Environmental awareness is a hot topic these days and schools around the country are getting in on the act.
Almost 25 per cent of New Zealand schools are involved in the Enviroschools programme, edible gardens are springing up at schools across the country, and students are being encouraged to reduce waste and reuse or recycle from what is left over.
Now school stationery shops that want to help the environment can also help keep New Zealand clean and green by choosing from ranges of environmentally-friendly stationery products.
Pens can now be made from old plastic CD cases and car headlights, pencils can be made from recycled paper, ringbinders are made from recycled cardboard and reams of paper for the school office are made from sugar cane waste products.
Croxley’s range of exercise books, for example, use recycled pulp, and inks which are either water or vegetable oil based and is the first range of school books to meet tough Environmental Choice New Zealand criteria – one of the world’s strongest ecolabels.
Croxley managing director Joe Naus says seeing Environmental Choice’s tick on the company’s books is a proud milestone.
“Warwick school exercise books have become a Kiwi favourite since the first ones appeared in classrooms in 1956. Now, they [parents and teachers] can also be assured the books in children’s school bags are kind to our environment,” he says.
“Children are becoming very environmentally conscious as well. This is great, because the school kids of today will inherit the earth we leave them.”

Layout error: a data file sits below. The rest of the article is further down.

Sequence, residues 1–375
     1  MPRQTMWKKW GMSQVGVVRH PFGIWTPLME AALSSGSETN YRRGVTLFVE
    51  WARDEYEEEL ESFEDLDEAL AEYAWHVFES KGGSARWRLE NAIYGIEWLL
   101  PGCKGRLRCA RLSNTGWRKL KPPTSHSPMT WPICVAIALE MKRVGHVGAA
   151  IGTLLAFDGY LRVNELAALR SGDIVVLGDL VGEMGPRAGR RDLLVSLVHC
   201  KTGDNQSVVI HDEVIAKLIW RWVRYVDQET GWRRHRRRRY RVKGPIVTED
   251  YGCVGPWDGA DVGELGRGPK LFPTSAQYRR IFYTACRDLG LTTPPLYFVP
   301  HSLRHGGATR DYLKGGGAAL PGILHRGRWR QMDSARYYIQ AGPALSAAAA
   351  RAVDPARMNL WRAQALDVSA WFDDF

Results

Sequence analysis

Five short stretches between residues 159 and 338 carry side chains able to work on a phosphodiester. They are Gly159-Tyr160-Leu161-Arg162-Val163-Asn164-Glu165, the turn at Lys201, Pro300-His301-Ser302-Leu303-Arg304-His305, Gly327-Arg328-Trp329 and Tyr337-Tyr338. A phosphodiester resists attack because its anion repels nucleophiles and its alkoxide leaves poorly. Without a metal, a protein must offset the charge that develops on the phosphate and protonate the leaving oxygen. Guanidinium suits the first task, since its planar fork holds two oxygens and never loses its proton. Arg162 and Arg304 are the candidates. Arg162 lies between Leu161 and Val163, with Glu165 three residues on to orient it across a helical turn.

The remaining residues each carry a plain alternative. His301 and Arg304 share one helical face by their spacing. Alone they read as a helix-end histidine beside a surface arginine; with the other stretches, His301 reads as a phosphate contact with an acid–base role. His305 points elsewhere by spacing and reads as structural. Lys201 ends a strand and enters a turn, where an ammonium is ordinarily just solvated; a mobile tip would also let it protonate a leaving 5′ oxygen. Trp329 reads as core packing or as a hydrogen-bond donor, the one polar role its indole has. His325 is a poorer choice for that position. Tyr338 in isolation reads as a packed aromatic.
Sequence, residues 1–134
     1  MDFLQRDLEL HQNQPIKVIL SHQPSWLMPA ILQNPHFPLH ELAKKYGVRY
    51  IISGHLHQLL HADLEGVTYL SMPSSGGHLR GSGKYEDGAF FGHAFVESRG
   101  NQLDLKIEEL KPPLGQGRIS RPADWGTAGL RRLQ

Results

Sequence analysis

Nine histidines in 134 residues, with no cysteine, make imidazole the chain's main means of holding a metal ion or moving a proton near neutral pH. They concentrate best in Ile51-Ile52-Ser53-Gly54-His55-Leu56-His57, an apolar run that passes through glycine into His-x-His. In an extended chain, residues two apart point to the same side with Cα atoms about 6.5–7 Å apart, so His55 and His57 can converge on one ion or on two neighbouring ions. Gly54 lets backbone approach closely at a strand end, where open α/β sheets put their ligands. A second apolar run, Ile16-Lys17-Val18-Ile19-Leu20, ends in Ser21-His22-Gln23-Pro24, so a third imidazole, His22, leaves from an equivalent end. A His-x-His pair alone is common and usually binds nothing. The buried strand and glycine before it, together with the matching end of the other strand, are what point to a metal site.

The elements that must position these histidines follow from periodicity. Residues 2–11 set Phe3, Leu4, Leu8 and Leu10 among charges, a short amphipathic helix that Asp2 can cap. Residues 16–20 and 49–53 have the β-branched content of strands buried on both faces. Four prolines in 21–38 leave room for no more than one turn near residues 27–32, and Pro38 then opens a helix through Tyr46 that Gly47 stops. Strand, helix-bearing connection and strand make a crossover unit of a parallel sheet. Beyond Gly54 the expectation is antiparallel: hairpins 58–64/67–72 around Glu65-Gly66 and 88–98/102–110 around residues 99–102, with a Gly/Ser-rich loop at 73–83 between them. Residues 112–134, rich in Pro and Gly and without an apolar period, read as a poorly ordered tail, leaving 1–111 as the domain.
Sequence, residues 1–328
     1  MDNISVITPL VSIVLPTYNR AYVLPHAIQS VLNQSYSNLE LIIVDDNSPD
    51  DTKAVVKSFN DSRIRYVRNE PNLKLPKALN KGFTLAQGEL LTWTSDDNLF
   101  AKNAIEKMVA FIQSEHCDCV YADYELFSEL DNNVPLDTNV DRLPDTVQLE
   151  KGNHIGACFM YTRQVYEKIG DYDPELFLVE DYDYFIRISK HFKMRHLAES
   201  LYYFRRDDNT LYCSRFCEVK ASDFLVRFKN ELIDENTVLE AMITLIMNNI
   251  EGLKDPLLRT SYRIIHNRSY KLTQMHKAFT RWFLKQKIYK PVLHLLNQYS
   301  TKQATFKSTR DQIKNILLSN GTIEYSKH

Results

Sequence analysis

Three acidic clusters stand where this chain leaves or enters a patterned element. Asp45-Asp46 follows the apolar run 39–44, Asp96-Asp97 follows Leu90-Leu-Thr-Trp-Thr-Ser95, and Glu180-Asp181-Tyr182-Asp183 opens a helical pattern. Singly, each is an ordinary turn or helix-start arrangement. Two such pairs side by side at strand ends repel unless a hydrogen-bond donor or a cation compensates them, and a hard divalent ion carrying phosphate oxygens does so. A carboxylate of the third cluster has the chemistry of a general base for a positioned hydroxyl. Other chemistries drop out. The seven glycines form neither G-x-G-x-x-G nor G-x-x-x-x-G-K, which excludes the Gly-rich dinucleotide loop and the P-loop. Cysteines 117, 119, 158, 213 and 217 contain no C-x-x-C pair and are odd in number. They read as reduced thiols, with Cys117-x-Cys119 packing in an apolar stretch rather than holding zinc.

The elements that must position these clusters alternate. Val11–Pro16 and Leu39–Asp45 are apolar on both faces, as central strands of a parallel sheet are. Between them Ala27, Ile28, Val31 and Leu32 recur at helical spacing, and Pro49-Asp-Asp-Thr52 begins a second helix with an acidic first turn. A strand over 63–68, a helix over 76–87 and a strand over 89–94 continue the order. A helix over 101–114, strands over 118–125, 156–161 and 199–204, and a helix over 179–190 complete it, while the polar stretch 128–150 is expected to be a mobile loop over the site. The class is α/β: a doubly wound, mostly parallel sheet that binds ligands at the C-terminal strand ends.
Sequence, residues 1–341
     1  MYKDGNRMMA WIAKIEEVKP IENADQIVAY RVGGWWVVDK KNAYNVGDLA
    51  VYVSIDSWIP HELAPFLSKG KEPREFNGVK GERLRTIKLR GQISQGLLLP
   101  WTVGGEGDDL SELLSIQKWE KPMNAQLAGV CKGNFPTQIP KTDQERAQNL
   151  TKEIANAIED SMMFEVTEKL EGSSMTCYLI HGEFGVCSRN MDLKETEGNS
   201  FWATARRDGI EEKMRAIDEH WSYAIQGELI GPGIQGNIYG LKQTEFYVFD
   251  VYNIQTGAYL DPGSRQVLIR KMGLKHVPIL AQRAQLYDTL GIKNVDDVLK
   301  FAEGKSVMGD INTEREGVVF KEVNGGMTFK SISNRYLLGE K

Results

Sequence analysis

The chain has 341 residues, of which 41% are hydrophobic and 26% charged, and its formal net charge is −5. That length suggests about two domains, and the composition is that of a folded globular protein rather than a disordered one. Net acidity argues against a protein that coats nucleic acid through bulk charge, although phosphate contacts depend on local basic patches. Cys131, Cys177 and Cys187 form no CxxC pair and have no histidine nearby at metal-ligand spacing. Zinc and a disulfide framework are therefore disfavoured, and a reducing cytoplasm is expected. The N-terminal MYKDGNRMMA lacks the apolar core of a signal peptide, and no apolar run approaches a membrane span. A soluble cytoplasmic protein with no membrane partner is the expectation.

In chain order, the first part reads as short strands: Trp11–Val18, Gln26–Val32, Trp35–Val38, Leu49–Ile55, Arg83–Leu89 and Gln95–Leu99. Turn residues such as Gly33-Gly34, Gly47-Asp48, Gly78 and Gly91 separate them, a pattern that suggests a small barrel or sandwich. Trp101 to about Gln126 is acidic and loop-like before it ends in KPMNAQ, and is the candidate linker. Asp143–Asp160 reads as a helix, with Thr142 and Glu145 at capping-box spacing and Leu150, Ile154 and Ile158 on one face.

Environmental Choice is only awarded to products which comply with robust, published environmental specifications, taking into account the products whole life cycle. The label is owned by the New Zealand government and independently administered by the New Zealand Ecolabelling Trust, and its specification for paper has been placed in the world’s top three best practice standards.
Naus says the standards set by Environmental Choice and the transparency of the manufacturing process available to the consumer was especially important to the company, particularly because a recent New Zealand Business Council for Sustainable Development (NZBCSD) survey revealed that 54 per cent of consumers demand eco-friendly products.
To mark the Environmental Choice milestone, Croxley has redesigned its scholastic books, including a picture of Croxley’s environmental mascot Warwick the Worm, and a message to children about helping the environment.
Robin Taylor, general manager of Environmental Choice, says the assessment looks at the processes employed in making pages and covers of exercise books, the coatings and pigments used, and the source of fibre.
“For schools, the use of Environmental Choice-approved stationery provides a ready starting point for studying the curriculum issues relating to waste and energy management, with a practical example of the exercise books right in front of them,” he says.
As well as Croxley’s range of environmentally-friendly exercise books, stationery shops can now stock ranges of highlighters, whiteboard markers and even correction tape that are made with eco-friendly materials.
The humble pen, too, is getting an eco-friendly makeover. The old saying “one man’s waste is another man’s treasure” is being taken literally by pen manufacturers Pilot with their new B2P – or Bottle to Pen – range.
Made from 89 per cent recycled plastic bottles, the refillable gel ink pen is part of BeGreen, a full earth-friendly range of writing instruments.
Designed to look like the translucent plastic bottles they are made from, the pens prove that everyday waste products can be diverted from landfill and given a second life.
Individual stationery suppliers also have eco-friendly ranges that schools can take advantage of to stock their stationery shops and cupboards.
School Supplies, part of the OfficeMax brand, has rolled out an EcoMax range of writing instruments, paper and general stationery, while New Zealand Office Supplies also supplies a large range of eco-friendly materials.
With the range of choice available New Zealand schools have no shortage of choice in eco-friendly stationery.